Democrats had a lot to celebrate as returns came in on Election Day, both locally and nationwide, as the party won big in what many are calling a rebuke of the Trump administration.
Another cause for celebration for progressives was the news that eight openly transgender candidates won their elections. The historic nature of these wins is further magnified by the way the Trump administration has targeted the LGBTQ community in general, and the trans community in particular.
That includes standing on the side of employers who would wish to fire LGBTQ people, and banning transgender soldiers from the military.
Voters across the country turned up at the polls to show they held more progressive views on those issues than the current administration.
Human Rights Campaign National Press Secretary Sarah McBride, herself transgender, noted that she is receiving messages from the parents of trans youth sharing the importance of these wins, and adding that it will save lives.
I'm getting texts and emails from parents of trans youth from across the country all saying the same thing:
"This morning I got to tell my kid that transgender people were just elected to city councils and a state legislature."
Last night will save lives.
— Sen. Sarah McBride (@SarahEMcBride) November 8, 2017
Andrea Jenkins became the first openly transgender black woman elected to public office in the United States, succeeding in her effort to join the the Minneapolis City Council. Jenkins, who is an activist, artist, and mother, said she looked forward to the chance to “speak truth to power.”
“It’s about being present, and people knowing you will speak out against injustices. That alone will sometimes limit the number of injustices that happen,” she told the Twin Cities Daily Planet.
Danica Roem unseated her self-admitted homophobic Republican opponent, Bob Marshall, to become Virginia’s first openly transgender lawmaker, and the first openly trans state representative in the country.
Roem was misgendered on numerous occasions by Marshall, who also refused to debate her. She released a campaign ad in response that showed her taking her hormones and putting on makeup.
“I’m running for office because my identity shouldn’t be a big deal,” she said in the ad. “Because this shouldn’t be newsworthy or political. This is just who I am.”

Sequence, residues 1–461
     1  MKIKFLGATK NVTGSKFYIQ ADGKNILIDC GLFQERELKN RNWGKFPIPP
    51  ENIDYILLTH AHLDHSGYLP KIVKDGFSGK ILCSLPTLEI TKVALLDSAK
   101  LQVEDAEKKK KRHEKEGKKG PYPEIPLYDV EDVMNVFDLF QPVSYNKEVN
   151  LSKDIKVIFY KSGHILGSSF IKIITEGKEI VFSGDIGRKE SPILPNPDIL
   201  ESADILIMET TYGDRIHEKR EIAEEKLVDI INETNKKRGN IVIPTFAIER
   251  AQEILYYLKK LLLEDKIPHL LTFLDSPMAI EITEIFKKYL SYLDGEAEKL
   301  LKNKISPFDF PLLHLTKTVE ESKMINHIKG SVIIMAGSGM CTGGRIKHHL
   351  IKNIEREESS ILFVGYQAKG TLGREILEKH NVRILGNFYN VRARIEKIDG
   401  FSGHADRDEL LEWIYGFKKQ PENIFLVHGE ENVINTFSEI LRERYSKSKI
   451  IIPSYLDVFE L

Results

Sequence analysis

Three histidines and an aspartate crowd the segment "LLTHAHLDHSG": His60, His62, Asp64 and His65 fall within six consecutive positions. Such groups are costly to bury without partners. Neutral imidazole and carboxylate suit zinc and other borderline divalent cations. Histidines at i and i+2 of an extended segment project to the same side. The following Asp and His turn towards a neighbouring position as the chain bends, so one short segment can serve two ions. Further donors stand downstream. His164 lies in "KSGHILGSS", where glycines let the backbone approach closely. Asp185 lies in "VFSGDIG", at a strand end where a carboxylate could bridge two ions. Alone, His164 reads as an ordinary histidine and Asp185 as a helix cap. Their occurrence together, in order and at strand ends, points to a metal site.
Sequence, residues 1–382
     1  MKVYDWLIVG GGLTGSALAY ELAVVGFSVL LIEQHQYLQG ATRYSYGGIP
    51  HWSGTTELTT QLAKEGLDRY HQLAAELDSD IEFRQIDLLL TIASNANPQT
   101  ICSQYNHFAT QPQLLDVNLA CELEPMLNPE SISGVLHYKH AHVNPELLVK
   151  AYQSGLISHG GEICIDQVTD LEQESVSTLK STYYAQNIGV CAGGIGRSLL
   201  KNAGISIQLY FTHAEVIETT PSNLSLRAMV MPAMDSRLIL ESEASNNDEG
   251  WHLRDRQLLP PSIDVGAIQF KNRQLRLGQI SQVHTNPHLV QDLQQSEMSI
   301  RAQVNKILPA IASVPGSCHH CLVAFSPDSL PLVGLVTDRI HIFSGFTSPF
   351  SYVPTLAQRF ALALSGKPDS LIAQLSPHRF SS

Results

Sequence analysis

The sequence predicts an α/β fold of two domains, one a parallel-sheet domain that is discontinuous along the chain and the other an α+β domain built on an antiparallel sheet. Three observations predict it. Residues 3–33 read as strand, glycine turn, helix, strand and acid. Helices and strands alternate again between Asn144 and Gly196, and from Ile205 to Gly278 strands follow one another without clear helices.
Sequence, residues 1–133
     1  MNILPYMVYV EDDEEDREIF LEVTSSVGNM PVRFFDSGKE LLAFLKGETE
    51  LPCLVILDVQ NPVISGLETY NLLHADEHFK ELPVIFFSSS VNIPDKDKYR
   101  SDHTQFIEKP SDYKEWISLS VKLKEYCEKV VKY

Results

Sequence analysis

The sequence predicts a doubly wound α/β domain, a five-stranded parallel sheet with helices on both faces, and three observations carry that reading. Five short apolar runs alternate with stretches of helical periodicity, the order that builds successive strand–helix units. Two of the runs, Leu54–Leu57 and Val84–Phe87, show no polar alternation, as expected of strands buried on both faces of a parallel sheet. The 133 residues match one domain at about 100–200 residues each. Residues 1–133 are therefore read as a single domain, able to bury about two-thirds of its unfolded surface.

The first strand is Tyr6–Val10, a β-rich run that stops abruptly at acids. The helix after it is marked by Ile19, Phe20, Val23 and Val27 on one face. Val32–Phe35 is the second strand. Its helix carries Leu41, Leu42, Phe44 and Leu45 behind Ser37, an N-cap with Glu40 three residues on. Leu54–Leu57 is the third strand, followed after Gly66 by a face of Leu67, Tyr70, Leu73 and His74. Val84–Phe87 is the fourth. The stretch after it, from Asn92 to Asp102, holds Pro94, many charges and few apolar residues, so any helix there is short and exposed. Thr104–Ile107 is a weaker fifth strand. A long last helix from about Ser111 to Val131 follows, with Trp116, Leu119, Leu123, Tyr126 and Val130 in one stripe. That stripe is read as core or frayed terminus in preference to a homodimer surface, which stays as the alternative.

Danica Roem is on track to be the first out trans person elected and seated in a state legislature. She defeated an incumbent who sponsored a "bathroom bill" in Virginia. pic.twitter.com/HUxjxUKNtn
— BuzzFeed LGBTQ (@BuzzFeedLGBTQ) November 8, 2017
Gerri Cannon won a seat on the Somersworth School Board, and has said she has plans to run for New Hampshire State Representative.
Cannon has reported being discriminated against in the workplace for being transgender and advocated for a non-discrimination law that the state has tabled.
Lisa Middleton became the first openly transgender city council member in Palm Springs, as well as the first openly trans nonjudicial elected official in the state of California.
Christy Holstege, a bisexual woman, won the other open seat, making the city council now entirely composed of members of the LGBTQ community, according to Equality California.
Stephe Koontz won a spot on the Doraville City Council, just northeast of Atlanta, becoming the city’s first transgender elected official. Koontz is a retired former business owner and volunteer.
Tyler Titus will join the Erie School Board, making him the first out transgender person elected to office in Pennsylvania after a successful write-in campaign to get on the ballot.
Phillipe Cunningham won a close race to become the second transgender candidate ever elected to office in Minnesota, joining Jenkins on the Minneapolis City Council, reports City Pages.
Raven Matherne, who came out as transgender earlier this year, won a seat on the Stamford Board of Representatives.
Matherne is now the first out trans lawmaker in the city.
“On a personal note, [being transgender] played a great role in pushing me to run, but it plays almost no role in my stance on policies and changes that I want to see in government,” she told the Samford Advocate.
Editor’s note: This article was updated to include Matherne.